By: Stefan Ihrig
Polonsky Fellow, Van Leer Jerusalem Institute
JERUSALEM — I have this imaginary Armenian kid sister. Well, actually, she is your kid sister, too — in the same way we all have this imaginary 8-year-old in Syria who has been afraid for her life for the past few years. We are all humans after all.
My imaginary Armenian kid sister is 4 and a 1/2; talks too much; is easily distracted; for reasons beyond me, does not like raisin cookies; and, for reasons even further beyond me, died in early 1916. Nobody put a pistol to her head and executed her. Her parents were killed, and she simply had no food, no care and no proper shelter. She just wasted away. I cannot get over her death and her suffering, even though I want to, and I need to. I need to remember her and honor her memory, her life and her death. And I also have that Syrian kid to worry about — or to purposely ignore.
The problem is, I don’t really get to the point where I can mourn her because my Armenian kid sister just keeps dying over and over again. We — us and our Armenian sister — are all stuck in 1915-1916. Turkish denialism (and its international helpers) will not let her or us come to rest. (Just take a look at the Turkish Foreign Ministry’s website on the topic). Turkish denialism says, “She probably did not die. Well, perhaps she did but it was really her own fault because the Armenians were in open rebellion against the state.”
It must have been an interesting kind of war in which 4-year-olds and the elderly threatened the very existence of a once powerful empire to the extent that it seemed okay to kill them, in “self-defense.” And here already we have the futility of engaging with denialist discourse. This is not the contemporary military excuse of “collateral damage.” No, my Armenian sister, along with all the other sisters, brothers, granddads and grandmothers, were all rounded up and deported so that they could die. I keep seeing her in the famous pictures that Armin T. Wegner, a German writer and former field medic in the Ottoman Empire, left us — today’s iconic images of the Armenian Genocide. And I keep hearing these unsettling voices that tell me it is perfectly okay to kill my Armenian kid sister. . .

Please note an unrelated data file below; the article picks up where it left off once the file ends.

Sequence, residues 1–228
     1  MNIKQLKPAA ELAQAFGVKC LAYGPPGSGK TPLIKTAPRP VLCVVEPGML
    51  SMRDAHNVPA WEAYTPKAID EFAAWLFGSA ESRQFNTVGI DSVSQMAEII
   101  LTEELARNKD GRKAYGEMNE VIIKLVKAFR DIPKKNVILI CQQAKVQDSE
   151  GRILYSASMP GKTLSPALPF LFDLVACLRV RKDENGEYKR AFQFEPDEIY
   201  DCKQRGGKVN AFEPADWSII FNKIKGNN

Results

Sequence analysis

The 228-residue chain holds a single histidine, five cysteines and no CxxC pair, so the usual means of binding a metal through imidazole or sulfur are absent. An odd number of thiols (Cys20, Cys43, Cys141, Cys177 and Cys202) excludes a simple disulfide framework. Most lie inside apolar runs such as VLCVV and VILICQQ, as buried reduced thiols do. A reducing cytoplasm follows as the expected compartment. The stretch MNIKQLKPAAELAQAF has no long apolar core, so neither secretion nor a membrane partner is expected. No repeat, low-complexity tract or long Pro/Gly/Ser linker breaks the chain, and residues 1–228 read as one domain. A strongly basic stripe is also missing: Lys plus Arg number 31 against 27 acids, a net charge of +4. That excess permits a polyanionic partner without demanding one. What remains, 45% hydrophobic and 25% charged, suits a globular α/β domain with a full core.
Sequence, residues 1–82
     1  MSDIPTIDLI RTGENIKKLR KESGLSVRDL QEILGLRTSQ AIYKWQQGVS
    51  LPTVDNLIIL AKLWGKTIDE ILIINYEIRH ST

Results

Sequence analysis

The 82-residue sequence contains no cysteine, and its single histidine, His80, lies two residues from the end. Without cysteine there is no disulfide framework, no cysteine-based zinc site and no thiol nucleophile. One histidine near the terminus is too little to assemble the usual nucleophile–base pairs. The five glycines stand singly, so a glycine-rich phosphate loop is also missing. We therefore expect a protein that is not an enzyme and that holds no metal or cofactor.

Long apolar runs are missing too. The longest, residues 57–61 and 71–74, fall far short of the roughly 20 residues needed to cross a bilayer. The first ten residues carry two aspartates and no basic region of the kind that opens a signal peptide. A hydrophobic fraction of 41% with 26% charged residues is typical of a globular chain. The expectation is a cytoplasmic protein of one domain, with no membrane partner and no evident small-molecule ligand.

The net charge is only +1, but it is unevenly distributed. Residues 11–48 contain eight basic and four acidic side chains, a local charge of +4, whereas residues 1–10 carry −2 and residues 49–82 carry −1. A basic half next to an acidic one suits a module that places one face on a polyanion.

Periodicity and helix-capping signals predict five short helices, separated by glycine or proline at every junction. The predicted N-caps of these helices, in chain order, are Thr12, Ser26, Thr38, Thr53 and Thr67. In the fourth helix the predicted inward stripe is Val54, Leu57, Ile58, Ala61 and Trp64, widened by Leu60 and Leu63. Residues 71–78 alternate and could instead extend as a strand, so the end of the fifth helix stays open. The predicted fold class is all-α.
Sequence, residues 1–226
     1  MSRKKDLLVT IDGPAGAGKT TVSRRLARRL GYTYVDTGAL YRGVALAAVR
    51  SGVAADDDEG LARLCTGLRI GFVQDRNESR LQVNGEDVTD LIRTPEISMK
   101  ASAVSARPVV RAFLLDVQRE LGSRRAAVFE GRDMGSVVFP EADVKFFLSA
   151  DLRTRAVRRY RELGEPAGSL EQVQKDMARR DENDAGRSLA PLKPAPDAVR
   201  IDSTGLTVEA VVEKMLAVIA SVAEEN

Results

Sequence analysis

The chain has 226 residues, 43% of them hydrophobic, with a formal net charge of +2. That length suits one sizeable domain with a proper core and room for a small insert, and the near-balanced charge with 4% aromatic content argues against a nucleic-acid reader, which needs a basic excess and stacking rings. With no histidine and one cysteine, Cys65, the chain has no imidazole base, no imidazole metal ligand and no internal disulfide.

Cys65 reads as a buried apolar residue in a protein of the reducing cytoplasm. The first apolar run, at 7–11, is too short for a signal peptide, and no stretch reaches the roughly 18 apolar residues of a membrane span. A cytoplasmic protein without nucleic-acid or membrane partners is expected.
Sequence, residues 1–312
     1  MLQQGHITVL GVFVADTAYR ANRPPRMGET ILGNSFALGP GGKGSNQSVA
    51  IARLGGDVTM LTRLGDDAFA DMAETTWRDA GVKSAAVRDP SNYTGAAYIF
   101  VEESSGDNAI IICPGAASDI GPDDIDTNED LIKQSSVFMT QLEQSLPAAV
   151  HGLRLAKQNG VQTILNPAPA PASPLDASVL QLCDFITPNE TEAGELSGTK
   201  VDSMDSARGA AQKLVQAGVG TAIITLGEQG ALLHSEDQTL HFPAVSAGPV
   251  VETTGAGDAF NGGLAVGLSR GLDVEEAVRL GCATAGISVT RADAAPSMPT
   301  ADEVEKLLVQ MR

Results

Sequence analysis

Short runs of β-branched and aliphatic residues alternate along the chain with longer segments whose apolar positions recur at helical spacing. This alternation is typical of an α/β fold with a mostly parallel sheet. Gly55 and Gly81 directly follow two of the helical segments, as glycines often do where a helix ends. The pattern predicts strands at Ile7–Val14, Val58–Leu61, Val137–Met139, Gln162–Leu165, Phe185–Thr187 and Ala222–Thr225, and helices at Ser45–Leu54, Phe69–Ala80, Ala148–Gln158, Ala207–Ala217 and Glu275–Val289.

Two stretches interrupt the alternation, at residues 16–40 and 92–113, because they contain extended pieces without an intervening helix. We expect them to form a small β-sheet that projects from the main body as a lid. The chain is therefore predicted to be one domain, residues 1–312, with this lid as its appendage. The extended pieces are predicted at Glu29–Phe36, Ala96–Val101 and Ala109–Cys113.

As a historian working on the coverage of and the debates on the Armenian Genocide during World War I and in the 1920s, I am still absolutely baffled that the debates, one hundred years later, have progressed so little — in fact, they have regularly taken steps backward. Clear proof of this was provided this week by an unlikely pair jumping forward together: Pope Francis and Kim Kardashian. That the acknowledgment of the genocide by the pope and Kim Kardashian’s trip to Armenia were so newsworthy and were hailed as such a great “PR disaster for Turkey“ shows that something went terribly wrong over the course of the last century.
Instead of merely celebrating it as a victory for acceptance, one needs to ask why it took the Vatican so long, why it had given in to denialism for so many decades and why it, too, in this respect, had abandoned the world and the Armenians. And on the other hand, one needs to point out that Kim Kardashian has promoted awareness of the Armenian Genocide already before — scoring moral points way ahead of the Vatican. We — the Kardashians, my Armenian sister, the world and the denialists — have been playing this perverse game of acceptance and denial for a long time already; far too long.
“The Armenian Genocide is a piece of history that is not allowed to be history. It continually seeps into the present and cannot find its own historical finality.”
Take, for example, Germany in the early 1920s, where there was, for a moment, a broad acceptance of the allegation of the “murder of a nation” carried out by the Ottoman leadership during World War I. Parts of Germany’s diplomatic documents on the Armenian Genocide were published as early as 1919. In expanded form, they have been published again and can today be easily bought in English translation or read online. These documents alone, stemming from the Ottomans’ prime ally during World War I, make it impossible not to use the “g” word.